The 2021 Australian Open was one for the history books for so many reasons. Led by Tennis Australia CEO Craig Tiley, organizers had to figure out how to host the tournament with hundreds of players, entourage members and staff in the midst of a pandemic in a country with the strictest COVID-19 protocols on the planet.

"Well, if this tournament can send any message is that, you know, thanks to all the hard work Australians have put in to make sure this country is one of the safest countries in the world and now we are able to play a Grand Slam with crowds, and it's truly amazing," Alex de Minaur said. "It's a feeling we have missed as tennis players, and I'm sure the crowd has missed watching live sports, as well.

"Look, there is hope, and, you know, we will get there. It's a matter of time."

Players assumed they’d be able to practice during the government-mandated two-week hotel quarantine, but 72 would end up in strict lockdown. One of those players was Jennifer Brady, who went on to have her greatest Grand Slam performance ever.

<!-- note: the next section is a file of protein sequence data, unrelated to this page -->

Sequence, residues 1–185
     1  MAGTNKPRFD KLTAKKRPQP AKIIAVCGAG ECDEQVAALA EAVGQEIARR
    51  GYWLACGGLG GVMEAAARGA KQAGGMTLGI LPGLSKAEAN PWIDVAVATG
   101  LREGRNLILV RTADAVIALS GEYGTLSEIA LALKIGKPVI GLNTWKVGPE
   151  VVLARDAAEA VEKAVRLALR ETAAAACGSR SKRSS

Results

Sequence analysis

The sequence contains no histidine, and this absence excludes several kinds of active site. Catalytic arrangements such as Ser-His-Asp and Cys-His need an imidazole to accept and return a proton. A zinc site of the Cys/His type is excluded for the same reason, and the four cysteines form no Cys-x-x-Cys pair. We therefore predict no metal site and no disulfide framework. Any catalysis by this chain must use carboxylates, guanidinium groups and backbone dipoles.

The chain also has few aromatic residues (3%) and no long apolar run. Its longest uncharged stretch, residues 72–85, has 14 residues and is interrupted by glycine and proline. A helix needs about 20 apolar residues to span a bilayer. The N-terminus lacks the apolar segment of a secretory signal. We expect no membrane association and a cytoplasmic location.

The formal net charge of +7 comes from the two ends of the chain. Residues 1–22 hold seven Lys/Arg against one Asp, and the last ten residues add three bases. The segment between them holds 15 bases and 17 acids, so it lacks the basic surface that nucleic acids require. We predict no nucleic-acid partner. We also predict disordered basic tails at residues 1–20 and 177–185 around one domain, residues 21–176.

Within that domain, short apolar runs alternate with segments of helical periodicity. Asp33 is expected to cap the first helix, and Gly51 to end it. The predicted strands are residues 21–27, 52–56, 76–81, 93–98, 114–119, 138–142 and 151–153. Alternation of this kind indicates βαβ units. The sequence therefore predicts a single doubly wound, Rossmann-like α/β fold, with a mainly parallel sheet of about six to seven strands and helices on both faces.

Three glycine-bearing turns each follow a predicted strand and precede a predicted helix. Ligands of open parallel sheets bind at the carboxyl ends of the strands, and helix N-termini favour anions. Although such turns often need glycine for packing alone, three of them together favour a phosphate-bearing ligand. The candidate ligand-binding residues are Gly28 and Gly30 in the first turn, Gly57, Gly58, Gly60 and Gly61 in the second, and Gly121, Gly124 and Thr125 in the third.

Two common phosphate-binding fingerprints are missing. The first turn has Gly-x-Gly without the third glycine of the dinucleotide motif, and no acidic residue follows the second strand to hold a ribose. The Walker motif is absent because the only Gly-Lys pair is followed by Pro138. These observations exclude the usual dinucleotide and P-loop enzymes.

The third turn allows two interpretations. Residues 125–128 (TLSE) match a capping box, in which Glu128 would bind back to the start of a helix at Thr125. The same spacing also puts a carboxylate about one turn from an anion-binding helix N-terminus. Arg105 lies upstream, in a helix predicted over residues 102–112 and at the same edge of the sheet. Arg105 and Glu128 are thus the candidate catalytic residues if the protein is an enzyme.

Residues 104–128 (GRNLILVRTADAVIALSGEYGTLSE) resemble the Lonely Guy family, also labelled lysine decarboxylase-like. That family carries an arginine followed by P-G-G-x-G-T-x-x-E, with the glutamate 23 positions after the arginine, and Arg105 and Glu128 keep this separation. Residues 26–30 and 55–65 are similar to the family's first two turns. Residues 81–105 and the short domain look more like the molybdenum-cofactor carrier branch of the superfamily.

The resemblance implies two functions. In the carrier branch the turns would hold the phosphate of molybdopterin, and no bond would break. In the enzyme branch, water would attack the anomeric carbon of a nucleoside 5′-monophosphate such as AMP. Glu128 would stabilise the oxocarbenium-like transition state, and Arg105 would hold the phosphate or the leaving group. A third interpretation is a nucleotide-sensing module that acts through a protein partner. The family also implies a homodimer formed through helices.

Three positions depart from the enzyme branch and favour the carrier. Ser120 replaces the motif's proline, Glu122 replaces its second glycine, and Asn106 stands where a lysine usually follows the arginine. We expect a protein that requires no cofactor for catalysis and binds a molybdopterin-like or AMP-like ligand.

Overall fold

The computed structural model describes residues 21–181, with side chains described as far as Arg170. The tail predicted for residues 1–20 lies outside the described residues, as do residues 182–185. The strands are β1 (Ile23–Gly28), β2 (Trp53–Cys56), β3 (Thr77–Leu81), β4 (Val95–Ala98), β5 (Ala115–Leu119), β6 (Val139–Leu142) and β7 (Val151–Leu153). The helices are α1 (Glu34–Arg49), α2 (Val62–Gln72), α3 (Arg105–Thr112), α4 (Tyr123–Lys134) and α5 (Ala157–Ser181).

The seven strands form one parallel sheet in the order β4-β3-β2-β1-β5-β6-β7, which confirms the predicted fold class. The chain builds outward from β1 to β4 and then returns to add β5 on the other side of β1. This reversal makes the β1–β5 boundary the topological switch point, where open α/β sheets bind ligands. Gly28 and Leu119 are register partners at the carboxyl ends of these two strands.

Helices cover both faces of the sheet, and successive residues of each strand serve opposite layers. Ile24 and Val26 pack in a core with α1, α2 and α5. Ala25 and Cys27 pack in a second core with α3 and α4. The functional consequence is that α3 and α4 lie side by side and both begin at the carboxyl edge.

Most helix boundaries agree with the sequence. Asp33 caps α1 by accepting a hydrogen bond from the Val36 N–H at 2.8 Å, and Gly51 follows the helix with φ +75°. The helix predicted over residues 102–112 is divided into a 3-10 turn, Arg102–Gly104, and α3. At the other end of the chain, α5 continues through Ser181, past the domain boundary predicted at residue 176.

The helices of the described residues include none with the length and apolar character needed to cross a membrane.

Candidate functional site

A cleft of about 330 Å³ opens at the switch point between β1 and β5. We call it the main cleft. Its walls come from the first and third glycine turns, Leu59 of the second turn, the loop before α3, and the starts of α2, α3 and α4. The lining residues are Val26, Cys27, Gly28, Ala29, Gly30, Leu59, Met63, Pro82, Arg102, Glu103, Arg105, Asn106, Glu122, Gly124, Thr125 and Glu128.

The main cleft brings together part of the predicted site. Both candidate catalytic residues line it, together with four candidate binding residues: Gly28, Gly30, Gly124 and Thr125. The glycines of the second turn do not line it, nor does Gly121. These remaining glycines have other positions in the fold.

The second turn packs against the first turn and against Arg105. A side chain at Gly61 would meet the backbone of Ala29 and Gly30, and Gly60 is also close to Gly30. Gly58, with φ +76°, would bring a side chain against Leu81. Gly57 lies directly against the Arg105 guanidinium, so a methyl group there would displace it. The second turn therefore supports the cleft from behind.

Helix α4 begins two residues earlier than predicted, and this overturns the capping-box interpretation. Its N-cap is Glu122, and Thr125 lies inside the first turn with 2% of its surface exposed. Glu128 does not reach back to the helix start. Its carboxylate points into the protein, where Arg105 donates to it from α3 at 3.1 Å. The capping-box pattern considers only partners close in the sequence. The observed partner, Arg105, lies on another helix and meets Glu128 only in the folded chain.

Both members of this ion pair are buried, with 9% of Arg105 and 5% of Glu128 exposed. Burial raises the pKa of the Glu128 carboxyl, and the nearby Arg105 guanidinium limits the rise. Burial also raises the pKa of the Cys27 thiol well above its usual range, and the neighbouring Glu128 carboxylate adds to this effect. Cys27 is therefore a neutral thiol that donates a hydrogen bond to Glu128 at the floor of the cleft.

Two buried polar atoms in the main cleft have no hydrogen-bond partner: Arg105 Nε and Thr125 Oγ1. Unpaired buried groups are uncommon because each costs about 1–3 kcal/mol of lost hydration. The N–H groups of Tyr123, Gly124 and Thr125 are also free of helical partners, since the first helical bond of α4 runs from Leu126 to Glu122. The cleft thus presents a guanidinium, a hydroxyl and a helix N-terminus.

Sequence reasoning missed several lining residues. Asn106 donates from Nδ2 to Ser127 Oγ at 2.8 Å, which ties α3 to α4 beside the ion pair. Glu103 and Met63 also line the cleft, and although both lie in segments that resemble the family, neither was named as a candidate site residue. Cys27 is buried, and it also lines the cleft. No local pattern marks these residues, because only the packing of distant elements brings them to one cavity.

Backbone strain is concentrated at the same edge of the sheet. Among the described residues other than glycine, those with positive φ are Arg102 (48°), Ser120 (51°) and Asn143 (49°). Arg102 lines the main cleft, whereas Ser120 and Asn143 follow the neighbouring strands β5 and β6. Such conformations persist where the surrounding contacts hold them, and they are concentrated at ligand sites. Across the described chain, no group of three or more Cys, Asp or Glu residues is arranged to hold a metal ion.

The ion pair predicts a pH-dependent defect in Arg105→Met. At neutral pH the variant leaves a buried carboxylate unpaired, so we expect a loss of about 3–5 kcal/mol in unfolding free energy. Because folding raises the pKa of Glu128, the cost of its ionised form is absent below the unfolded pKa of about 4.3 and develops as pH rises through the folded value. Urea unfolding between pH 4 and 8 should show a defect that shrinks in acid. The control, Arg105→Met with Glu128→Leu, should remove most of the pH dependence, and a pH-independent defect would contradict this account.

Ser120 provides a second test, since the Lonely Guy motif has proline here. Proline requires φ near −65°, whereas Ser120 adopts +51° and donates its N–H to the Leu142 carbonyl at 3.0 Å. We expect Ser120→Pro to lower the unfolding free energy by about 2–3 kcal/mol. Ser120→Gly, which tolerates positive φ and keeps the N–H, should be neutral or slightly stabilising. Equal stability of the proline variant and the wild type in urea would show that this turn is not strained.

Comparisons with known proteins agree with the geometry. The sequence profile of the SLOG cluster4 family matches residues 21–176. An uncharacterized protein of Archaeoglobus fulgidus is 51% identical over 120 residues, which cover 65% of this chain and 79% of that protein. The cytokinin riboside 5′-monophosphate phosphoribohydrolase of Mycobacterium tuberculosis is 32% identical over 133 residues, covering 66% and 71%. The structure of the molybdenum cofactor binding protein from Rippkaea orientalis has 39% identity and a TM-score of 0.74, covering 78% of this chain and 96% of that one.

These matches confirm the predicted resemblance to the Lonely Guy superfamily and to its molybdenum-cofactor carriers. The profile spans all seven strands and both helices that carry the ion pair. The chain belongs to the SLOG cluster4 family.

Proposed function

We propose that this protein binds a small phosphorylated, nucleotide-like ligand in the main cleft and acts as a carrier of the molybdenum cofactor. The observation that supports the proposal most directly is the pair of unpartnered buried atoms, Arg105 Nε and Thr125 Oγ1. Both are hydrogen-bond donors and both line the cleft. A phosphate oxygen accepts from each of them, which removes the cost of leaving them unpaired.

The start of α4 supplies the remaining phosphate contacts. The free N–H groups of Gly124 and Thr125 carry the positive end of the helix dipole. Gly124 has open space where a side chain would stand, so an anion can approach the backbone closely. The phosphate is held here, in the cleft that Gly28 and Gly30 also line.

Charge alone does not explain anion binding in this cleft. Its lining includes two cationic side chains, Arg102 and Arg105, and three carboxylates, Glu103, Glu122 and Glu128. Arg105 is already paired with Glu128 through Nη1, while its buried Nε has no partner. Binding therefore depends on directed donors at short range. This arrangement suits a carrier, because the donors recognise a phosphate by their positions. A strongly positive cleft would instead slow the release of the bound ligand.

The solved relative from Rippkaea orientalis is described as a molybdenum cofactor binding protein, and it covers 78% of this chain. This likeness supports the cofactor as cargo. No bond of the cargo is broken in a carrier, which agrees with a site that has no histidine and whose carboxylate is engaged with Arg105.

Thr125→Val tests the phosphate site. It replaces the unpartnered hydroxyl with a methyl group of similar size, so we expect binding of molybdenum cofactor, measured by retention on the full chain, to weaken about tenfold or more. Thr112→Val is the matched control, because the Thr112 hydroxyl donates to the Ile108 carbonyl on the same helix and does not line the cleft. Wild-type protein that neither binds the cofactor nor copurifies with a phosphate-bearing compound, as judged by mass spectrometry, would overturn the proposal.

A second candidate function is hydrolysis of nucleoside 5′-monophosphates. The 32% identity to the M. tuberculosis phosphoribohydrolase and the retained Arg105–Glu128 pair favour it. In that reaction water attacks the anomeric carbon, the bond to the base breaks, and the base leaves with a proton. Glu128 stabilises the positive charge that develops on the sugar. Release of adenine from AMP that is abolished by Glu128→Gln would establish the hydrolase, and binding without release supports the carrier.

Osaka won her fourth major in front of a respectably-sized crowd inside Rod Laver Arena. (Getty)

Even out of quarantine, the twists and turns were not over with a five-day lockdown coming into effect mid-tournament. But the show went on, and on, until the finals weekend where Naomi Osaka defeated Brady and Novak Djokovic dismissed Daniil Medvedev, in front of fans. 

It made for the most memorable global sporting event since the pandemic began, giving hope that more tournaments can also pull it off safely in the near future.